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Medgar Evers Home Added to African-American Civil Rights Network

JACKSON, Miss. (AP) — Interior Secretary Ryan Zinke has added the Mississippi home of Medgar and Myrlie Evers to the African-American Civil Rights Network, which was created by federal law this year.

Medgar Evers was the Mississippi NAACP’s first field secretary beginning in 1954, and led voter registration drives and boycotts to push for racial equality. He was assassinated in June 1963 outside the family’s ranch-style home in Jackson.

His widow, Myrlie, who is still alive, served as national NAACP chairwoman from 1995 to 1998.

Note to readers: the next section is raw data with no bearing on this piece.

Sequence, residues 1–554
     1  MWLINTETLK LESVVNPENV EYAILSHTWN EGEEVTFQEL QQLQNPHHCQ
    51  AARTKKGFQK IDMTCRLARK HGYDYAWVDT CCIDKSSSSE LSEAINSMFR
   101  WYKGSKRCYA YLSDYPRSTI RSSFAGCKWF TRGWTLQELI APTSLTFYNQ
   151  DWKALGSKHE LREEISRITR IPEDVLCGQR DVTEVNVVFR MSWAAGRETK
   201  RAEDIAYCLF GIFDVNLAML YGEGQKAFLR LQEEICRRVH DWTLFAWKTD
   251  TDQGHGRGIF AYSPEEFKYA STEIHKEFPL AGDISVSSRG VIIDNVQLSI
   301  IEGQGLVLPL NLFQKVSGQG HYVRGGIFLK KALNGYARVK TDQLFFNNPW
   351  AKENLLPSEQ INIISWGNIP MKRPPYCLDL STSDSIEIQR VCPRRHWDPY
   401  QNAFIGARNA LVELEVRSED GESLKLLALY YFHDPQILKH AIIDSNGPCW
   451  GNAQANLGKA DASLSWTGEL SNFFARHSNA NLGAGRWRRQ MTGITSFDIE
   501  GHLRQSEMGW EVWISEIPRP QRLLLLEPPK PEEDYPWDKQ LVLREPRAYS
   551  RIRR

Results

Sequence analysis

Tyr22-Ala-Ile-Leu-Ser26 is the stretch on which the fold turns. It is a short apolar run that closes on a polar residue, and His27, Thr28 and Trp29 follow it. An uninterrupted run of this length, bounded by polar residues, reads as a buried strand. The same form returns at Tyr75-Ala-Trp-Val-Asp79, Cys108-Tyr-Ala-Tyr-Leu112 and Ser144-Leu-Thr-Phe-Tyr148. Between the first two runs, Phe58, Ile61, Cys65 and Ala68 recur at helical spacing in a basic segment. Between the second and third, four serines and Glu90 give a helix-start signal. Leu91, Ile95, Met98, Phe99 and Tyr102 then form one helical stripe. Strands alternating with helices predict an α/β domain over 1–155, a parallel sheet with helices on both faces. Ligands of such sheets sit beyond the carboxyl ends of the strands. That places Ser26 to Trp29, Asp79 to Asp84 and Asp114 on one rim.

The National Park Service unveiled a bronze plaque in May showing the Evers’ home is a national historic landmark. The Interior Department approved the landmark designation in 2016 and announced it in 2017.

The department is now taking public comments on making the home a national monument.

Beverly Wade Hogan, Roger Wicker, Reena Evers-Everett, Charles Evers

U.S. Interior Secretary Ryan Zinke signs a proclamation designating the former home of the late civil right activist Medgar Evers and his wife Myrlie Evers, into the African American Civil Rights Network, Friday, Aug. 3, 2018, at Tougaloo College in Jackson, Miss. Attending the ceremony were, from left, Charles Evers, the brother of Evers, Reena Evers-Everett, daughter of the couple, U.S. Sen. Roger Wicker, R-Miss., and Beverly Wade Hogan, president of the college. (AP Photo/Rogelio V. Solis)

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